The Minnesota bird flu outbreak may affect the state for the next three years and could possibly spread to other parts of the nation. Until experts get to the root of the problem and detect how the flu is being spread only can it be stopped and eradicated, Dr. Carol Cardona, an avian health expert at the University of Minnesota, told a joint meeting of the House agriculture committees on Thursday. At the present situation, even slowing down the virus remains a challenge.
Minnesota bird flu outbreak
Despite the possibility that the Minnesota bird flu outbreak can stay for the next three years, officials clarified that the outbreak is not a food safety issue. The turkey produce from Minnesota is safe to eat, according to Steve Olson, executive director of the Minnesota Turkey Growers Association.
Ducks, geese and other poultry birds are already being tested by the Minnesota Board of Health’s state veterinarian, Dr. Bill Hartmann said. Dozens of workers who have come in contact with the affected birds are also being monitored for 10 days after their last interaction with the flocks.
“The good news is that nobody has gotten sick yet,” Hartmann confirmed.
Officials confirmed two cases of H5N2 virus in Wisconsin
Two Wisconsin poultry flocks are already affected, the Wisconsin Department of Agriculture, Trade and Consumer Protection confirmed on Thursday. The department is already working in cooperation with the US Department of Agriculture to respond to the problem.
The affected flocks are found in:
– Juneau County—40 mixed breed birds in a backyard flock
– Barron County—126,000 turkeys in a commercial turkey flock
According to officials, the properties were immediately quarantined and the remaining flock will be depopulated. Rest assured, though, that the affected produce will not enter the food supply, according to the officials.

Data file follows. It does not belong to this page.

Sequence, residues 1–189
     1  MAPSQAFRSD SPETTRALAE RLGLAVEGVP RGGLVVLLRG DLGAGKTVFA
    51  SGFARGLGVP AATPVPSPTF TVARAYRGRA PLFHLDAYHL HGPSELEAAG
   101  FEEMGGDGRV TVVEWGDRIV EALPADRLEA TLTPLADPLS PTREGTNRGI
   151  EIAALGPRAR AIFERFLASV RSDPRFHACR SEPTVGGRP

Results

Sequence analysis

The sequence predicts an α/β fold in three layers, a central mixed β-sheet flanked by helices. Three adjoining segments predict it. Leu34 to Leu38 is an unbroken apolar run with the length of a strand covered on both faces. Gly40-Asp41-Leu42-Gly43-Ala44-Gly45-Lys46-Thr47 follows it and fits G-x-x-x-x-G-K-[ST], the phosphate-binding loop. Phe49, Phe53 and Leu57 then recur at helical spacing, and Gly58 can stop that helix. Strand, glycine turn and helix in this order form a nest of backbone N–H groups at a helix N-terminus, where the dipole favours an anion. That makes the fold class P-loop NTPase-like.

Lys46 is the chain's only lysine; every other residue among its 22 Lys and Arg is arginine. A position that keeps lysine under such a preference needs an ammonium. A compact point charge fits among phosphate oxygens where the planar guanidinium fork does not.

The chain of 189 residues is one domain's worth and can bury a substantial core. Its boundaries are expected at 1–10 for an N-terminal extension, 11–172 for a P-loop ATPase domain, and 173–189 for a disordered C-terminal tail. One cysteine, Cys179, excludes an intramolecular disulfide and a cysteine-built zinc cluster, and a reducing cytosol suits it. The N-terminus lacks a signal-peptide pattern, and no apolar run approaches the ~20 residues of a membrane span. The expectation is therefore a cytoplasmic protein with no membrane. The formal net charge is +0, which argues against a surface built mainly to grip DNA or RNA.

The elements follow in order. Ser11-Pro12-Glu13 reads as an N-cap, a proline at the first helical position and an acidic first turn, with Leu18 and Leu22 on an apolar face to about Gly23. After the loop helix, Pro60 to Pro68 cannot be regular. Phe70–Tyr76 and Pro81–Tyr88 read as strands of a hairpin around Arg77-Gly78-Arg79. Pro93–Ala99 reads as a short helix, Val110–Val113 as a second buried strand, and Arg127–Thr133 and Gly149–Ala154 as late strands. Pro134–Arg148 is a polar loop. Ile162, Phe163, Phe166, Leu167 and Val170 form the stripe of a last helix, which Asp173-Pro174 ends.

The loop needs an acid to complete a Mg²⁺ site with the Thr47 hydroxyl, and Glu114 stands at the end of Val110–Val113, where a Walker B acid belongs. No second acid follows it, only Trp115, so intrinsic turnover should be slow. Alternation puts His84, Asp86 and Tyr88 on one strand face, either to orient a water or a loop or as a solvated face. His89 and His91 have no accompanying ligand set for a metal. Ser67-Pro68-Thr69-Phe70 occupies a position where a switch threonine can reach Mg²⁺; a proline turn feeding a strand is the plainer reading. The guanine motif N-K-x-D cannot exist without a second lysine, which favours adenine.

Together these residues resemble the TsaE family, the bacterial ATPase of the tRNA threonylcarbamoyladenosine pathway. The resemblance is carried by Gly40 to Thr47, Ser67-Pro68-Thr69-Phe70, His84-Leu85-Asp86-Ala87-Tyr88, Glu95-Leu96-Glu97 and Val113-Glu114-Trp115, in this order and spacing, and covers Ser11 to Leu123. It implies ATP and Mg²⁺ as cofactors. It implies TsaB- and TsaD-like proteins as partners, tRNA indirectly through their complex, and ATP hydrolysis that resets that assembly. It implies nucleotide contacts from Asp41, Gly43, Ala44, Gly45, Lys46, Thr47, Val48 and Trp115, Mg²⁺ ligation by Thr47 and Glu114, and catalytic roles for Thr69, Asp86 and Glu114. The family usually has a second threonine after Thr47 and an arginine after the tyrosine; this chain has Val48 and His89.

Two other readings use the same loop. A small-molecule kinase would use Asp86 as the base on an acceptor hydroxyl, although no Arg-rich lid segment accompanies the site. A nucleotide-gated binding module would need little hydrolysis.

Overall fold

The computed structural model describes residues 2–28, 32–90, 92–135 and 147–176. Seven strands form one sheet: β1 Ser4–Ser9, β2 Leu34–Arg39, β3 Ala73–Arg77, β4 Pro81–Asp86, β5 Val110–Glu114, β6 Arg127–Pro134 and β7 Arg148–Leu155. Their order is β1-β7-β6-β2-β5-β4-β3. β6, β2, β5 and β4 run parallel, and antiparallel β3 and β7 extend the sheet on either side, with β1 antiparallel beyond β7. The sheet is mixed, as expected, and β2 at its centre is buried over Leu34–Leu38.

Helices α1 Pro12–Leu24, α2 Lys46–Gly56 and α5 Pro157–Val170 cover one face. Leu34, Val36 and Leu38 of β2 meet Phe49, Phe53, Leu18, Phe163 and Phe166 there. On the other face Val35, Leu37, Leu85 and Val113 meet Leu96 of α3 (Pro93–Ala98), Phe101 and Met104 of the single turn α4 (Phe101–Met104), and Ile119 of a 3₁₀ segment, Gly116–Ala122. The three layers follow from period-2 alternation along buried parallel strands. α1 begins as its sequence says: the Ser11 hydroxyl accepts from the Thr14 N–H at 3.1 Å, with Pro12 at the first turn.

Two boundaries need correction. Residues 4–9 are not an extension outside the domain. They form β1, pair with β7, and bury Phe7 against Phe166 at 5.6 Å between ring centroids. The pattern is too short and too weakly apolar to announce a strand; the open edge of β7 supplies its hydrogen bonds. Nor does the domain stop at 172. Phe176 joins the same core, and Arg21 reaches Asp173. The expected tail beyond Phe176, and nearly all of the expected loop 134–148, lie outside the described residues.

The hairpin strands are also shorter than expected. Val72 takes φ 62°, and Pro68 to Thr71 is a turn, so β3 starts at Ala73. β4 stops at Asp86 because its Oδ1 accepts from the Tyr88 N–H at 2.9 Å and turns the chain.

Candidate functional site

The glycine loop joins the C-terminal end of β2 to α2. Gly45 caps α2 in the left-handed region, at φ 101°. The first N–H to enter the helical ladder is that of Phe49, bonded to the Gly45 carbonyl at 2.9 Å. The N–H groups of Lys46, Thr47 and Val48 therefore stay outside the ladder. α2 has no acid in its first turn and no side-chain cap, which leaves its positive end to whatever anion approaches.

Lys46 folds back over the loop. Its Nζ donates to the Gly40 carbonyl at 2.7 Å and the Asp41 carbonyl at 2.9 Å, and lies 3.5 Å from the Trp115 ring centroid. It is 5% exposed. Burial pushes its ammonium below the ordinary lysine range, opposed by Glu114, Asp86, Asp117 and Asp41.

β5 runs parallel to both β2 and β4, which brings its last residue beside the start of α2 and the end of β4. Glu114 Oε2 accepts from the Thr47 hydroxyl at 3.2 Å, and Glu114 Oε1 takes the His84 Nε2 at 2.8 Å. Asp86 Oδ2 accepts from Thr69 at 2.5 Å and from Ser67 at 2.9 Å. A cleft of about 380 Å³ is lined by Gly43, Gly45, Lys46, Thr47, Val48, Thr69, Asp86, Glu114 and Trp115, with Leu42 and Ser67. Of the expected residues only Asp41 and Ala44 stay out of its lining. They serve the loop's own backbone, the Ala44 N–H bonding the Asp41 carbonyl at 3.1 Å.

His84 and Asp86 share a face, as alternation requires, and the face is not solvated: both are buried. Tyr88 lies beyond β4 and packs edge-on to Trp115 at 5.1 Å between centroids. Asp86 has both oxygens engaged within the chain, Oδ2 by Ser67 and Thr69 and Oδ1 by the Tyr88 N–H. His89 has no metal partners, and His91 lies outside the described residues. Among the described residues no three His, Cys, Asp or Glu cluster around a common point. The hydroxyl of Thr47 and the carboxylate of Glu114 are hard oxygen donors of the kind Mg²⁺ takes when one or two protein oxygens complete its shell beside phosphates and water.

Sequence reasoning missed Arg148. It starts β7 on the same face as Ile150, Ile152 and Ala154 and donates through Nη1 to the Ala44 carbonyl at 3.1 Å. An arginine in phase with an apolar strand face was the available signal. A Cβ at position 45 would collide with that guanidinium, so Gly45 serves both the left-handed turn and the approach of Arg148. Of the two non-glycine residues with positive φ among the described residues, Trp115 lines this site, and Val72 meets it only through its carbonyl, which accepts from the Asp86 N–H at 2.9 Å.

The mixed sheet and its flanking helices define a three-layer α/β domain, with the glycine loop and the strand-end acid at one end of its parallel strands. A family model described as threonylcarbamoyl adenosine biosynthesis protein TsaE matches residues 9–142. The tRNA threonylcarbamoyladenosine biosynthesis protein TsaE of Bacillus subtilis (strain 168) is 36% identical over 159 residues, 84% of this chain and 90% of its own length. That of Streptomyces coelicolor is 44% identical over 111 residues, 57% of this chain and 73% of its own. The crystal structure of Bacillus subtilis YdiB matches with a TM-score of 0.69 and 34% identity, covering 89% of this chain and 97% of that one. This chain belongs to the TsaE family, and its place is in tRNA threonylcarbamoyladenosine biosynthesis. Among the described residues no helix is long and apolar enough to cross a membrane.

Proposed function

According to information released by the department of agriculture, the H5 avian influenza virus was first detected in Wisconsin at a commercial chicken flock in Jefferson County on Monday, April 13. More than 180,000 egg-laying chickens will be depopulated as a result.
Spreading to the East Coast
The U.S. Department of Agriculture’s chief veterinary officer, Dr. John Clifford, said that the H5N2 virus appeared to have already spread in southern Ontario. He said this is an alarming sign that the outbreak may spread to the East Coast.
“If it sticks around and continues it’s going to be very devastating to our poultry industry and our international markets, trade markets, as well as the loss domestically. That’s why we have to really use this time appropriately to do all that we can to determine how best we can address and prevent introductions in the future,” Clifford told The Associated Press.
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